Choral Ode, Pindaric Ode or Dorian Ode

The Choral Ode, Pindaric Ode or Dorian Ode distinguishes itself from other odes because of its three part order. It is also strophic, not stanzaic like the Horatian, Keatsian and Ronsardian Odes. The strophe may differ in structure within the poem, while the stanza is uniform in structure within the poem. This verse form introduced by Pindar 522-433 BC Greece was originally written to be performed by chorus and dance and was therefore emotional, intense, brilliant and changeable to entertain an audience. Of course it like all Odes, exalts or praises its subject.

The names Choral and Pindaric Odes are obvious from the “choral” design of the frame and the name of the originator. The Dorians were one of the three tribes of ancient Greece who had their own dialect and culture. I couldn’t find Pindaric named as a Dorian poet but he did live in the same era so I am making an assumption there must be some association between the Dorians and Pindaric.

The verse is structured in a triad or three parts, which can be repeated within the poem. The parts are the strophe, the antistrophe, and epode. The individual parts are also referred to as the Turne, Counterturne and Stand. Originally created for a chorus from one side of the stage to sing or recite the strophe. The response or antistrophe is sung or chanted from the chorus on the other side of the stage. The triad is concluded by both choruses singing the epode. The strophe and antistrophe are written in exactly the same structure or frame, at the discretion of the poet. The epode must change in structure. This variation is meant to bring more drama to the ode.
To the immortall memorie, and friendship of that noble paire,
Sir Lucius Cary and Sir H. Morison by Ben Jonson

The Turne
BRAVE Infant of Saguntum, cleare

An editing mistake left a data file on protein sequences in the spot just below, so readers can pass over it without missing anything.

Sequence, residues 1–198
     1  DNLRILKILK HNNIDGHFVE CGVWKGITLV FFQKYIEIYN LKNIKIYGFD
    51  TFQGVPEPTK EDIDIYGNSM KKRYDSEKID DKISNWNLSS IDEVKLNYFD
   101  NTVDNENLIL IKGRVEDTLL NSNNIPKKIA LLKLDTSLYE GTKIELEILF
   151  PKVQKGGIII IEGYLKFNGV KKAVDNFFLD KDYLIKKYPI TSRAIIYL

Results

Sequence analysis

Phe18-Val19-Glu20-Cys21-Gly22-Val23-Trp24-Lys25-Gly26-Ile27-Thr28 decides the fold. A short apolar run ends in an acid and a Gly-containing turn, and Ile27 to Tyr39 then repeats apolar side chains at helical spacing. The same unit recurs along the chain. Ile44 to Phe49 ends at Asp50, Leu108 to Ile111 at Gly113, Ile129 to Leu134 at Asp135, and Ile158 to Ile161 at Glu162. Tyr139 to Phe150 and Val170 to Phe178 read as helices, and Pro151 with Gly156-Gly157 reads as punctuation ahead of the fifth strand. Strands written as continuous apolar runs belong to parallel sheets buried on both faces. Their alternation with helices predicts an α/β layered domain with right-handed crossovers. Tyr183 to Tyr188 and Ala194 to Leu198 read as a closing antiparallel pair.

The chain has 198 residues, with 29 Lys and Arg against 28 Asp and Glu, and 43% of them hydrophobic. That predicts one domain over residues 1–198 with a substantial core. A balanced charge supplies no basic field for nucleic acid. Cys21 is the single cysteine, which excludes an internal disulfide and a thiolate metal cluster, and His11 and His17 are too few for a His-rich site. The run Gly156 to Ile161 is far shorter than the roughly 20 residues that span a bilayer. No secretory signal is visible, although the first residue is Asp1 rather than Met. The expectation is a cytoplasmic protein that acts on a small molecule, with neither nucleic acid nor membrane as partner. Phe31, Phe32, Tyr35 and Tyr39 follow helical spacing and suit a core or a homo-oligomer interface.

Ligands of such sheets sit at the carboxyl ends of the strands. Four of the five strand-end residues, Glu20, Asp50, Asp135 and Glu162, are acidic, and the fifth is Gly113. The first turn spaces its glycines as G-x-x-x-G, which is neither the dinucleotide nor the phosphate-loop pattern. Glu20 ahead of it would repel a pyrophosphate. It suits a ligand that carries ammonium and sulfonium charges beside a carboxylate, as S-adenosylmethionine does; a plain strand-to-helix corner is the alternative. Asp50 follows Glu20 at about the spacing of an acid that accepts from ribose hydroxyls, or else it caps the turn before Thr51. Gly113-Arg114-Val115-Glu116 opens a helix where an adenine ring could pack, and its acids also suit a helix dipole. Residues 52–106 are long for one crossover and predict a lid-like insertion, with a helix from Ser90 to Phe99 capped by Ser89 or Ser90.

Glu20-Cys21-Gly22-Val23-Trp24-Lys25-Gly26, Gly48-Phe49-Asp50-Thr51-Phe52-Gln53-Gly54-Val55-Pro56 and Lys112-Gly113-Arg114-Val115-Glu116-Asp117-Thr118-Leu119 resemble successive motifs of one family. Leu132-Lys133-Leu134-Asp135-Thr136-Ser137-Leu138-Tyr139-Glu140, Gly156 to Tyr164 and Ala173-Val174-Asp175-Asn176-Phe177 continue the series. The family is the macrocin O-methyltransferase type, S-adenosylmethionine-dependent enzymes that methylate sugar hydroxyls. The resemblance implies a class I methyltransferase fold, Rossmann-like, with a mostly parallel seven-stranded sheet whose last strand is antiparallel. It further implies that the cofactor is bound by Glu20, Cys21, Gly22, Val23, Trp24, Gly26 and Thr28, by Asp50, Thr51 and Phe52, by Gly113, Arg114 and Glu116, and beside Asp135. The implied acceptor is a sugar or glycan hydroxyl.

Thy coming forth in that great yeare,
When the Prodigious Hannibal did crowne
His rage, with razing your immortall Towne.
Thou, looking then about,
Ere thou wert halfe got out,
Wise child, did’st hastily returne,
And mad’st thy Mothers wombe thine urne.
How summ’d a circle didst thou leave man-kind
Of deepest lore, could we the Centre find !

The Counter-turne
Did wiser Nature draw thee back,
From out the horrour of that sack,
Where shame, faith, honour, and regard of right
Lay trampled on ; the deeds of death, and night,
Urg’d, hurried forth, and hurld
Upon th’ affrighted world :
Sword, fire, and famine, with fell fury met ;
And all on utmost ruine set ;
As, could they but lifes miseries fore-see,
No doubt all Infants would returne like thee.

The Stand
For, what is life, if measur’d by the space,
Not by the act ?
Or masked man, if valu’d by his face,
Above his fact ?
Here’s one out-liv’d his Peeres,
And told forth fourescore yeares ;
He vexed time, and busied the whole State ;
Troubled both foes, and friends ;
But ever to no ends :
What did this Stirrer, but die late ?
How well at twentie had he falne, or stood !
For three of his four-score he did no good.

Pasted from http://www.poetrymagnumopus.com/index.php?/topic/1251-the-choral-ode-pindaric-ode-dorian-ode/
My thanks to Judi Van Gorder for years of work on this fine PMO resource.

Other Odes: Aeolic OdeAnacreontic Ode, Choral Ode or Pindaric Ode or Dorian Ode,
Cowleyan Ode or Irregular Ode, Horatian OdeKeatsian or English OdeRonsardian Ode

Thematic Odes:
Elegy, Obsequy, Threnody Ode
Elemental Ode
Genethliacum Ode
Encomium or Coronation Ode
Epithalamion or Epithalamium and Protholathiumis
Palinode Ode
Panegyric or Paean
Triumphal Ode
Occasional Verse

My example poem

Ode to Controlled Free Enterprise (Choral Ode)

Three cheers for private enterprise
where innovation’s raised our lot.
(Of course there’ve been a few bad guys)
whose selfish greed has fouled the pot.
In home garages ‘cross this land
both men and women made their mark
inventing things we now demand,
our lives made better by their spark.

Three cheers for Government control
to stop the business man that cheats,
with fleecing folks his only goal,
who pushes poisons on the streets.
Angels would never need such laws
but since we’re men there’s such a need
(to govern men who exploit flaws
of other men and thrive on greed.)

Though I’m learning I’m discerning
and it somehow seems to me
that to stifle business profits
will make everyone less free.
If the government restrictions
Place a levy that’s too high
then the companies will either
move away or simply die.
The electorate is charged with
the selection of a voice
whose agenda is not set but
who can think and make a choice.

© Lawrencealot – August 13, 2014